If you were to see a ghost cutting, what would be your first instinct? Forgive us for that guessing, but we’re imagining it’s probably not “taking a polaroid from him,” is it? Tell that to the various heroes of Fatal Frame: Maiden of Black Water – Project Zero in Europe – who seem to think they are budding Sir Donald McCullins and get angry every time they see a geist, malicious or not. We, on the other hand, would do well. Full Shaggy-from-Scooby-Doo leg it.

It should be noted, however, that this is no ordinary camera. The device wielded by Fatal Framers (they don’t really call themselves that) is the Camera Obscura, which captures more than just precious memories. Indeed, if you use it with care, you can capture ghosts, which in practice amounts to killing them. Still. Listen, the point is, you shoot ghosts to the death. We’re just going a little too fast.

This is a port / remake of the Wii U part of the long-running Fatal Frame series, although perhaps the scariest thing about the original version is its price in the second-hand market. So it’s a good thing for Koei Tecmo to re-release the game on Switch and do such a remarkable job. If you’ve ever played it on Nintendo’s previous console – where the Gamepad “was” the camera – there’s little point in going back here, but this neat mechanic has been re-adapted to work on a single screen as well. we could hope for.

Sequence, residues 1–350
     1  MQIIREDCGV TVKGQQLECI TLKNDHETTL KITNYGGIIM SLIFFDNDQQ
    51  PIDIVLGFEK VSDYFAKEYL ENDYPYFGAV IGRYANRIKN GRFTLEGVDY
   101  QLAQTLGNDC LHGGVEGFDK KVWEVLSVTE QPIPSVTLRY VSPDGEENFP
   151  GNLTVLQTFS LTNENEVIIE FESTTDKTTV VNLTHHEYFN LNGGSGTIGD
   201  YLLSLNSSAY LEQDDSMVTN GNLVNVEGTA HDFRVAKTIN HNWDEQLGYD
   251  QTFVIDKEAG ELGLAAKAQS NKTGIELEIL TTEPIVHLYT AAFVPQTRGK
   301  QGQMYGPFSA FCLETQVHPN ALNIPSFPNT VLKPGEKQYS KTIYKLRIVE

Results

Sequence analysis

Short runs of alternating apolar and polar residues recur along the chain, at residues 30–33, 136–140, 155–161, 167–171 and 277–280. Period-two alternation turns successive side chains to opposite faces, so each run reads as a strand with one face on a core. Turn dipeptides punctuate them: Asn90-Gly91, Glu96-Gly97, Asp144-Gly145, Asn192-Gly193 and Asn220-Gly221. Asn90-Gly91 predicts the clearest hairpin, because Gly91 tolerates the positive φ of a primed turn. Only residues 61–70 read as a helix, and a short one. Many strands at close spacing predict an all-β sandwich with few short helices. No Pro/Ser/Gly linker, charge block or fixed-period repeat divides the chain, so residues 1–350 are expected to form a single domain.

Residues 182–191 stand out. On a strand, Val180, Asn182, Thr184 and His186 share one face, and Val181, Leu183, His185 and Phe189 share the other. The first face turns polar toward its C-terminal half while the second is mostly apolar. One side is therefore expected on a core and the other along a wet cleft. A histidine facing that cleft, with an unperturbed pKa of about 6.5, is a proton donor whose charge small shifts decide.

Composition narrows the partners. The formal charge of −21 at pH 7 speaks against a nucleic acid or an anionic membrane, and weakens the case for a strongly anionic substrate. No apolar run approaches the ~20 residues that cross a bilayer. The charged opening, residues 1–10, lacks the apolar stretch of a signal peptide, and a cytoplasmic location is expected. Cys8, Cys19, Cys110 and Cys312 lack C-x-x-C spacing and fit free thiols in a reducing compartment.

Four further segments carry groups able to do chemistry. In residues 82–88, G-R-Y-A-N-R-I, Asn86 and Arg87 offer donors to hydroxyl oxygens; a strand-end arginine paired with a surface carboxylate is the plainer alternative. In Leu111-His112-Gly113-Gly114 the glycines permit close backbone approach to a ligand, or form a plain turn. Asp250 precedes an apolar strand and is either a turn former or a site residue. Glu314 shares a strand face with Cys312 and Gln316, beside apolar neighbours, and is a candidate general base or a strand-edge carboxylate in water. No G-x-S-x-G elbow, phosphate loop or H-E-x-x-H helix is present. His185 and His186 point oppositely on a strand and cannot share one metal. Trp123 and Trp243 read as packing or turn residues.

Follow the journey of three major protagonists (and another, more secretive, from another series, shhhhh), you will take the Camera Obscura to all kinds of creepy places you really wouldn’t want to go, in order to solve an extremely dark mystery involving suicidal maids and the infamous Black Water, a curse that fuels both storytelling and gameplay.

You see, your playable character doesn’t want to get wet. If you are soaked to the bone you are more susceptible to the curse and if you catch it your health bar will constantly drain until you use an item to warm you up or kill all of the ghosts. of the zone – which is easier said than done.

While you normally play in third person, pulling out the Camera Obscura – naturally – switches your view to first person, giving you a much larger blind spot. You have to “frame” (yes!) Your target and shoot it until it disappears, making sure you don’t run out of film. There are different lenses and types of film to choose from, which adds a layer of strategy to an already demanding action, but it’s the most fun type of frenzy. A single snapshot is usually not enough to take down a ghost, but taking pictures will rob pieces of their ghostly essence, and if you can manage to frame them all, you will have a chance to banish the ghost properly. If you have multiple ghosts in the frame when you do what the game calls “Shutter Chance,” well, that’s just a bonus. By playing carefully and skillfully, you can decimate a horde of ghosts by pressing the “ZR” button. You can also trigger the Fatal Frame bonus by taking a photo at the last moment, a risky but very dangerous action.